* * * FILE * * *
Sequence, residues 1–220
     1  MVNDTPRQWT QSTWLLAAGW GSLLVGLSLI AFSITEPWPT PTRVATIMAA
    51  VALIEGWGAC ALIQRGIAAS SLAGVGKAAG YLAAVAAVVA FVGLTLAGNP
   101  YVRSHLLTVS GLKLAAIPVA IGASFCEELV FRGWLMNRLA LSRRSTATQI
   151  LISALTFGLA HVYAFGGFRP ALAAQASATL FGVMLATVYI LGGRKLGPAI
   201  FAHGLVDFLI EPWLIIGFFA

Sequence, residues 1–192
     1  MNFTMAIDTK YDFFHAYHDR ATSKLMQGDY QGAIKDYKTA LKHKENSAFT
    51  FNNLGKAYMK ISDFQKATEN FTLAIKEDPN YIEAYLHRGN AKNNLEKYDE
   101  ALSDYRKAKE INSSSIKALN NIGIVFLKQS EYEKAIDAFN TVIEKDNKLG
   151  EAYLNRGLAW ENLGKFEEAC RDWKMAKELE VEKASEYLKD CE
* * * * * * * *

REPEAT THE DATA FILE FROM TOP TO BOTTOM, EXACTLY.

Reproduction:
Sequence, residues 1–220
     1  MVNDTPRQWT QSTWLLAAGW GSLLVGLSLI AFSITEPWPT PTRVATIMAA
    51  VALIEGWGAC ALIQRGIAAS SLAGVGKAAG YLAAVAAVVA FVGLTLAGNP
   101  YVRSHLLTVS GLKLAAIPVA IGASFCEELV FRGWLMNRLA LSRRSTATQI
   151  LISALTFGLA HVYAFGGFRP ALAAQASATL FGVMLATVYI LGGRKLGPAI
   201  FAHGLVDFLI EPWLIIGFFA

Sequence, residues 1–192
     1  MNFTMAIDTK YDFFHAYHDR ATSKLMQGDY QGAIKDYKTA LKHKENSAFT
    51  FNNLGKAYMK ISDFQKATEN FTLAIKEDPN YIEAYLHRGN AKNNLEKYDE
   101  ALSDYRKAKE INSSSIKALN NIGIVFLKQS EYEKAIDAFN TVIEKDNKLG
   151  EAYLNRGLAW ENLGKFEEAC RDWKMAKELE VEKASEYLKD CE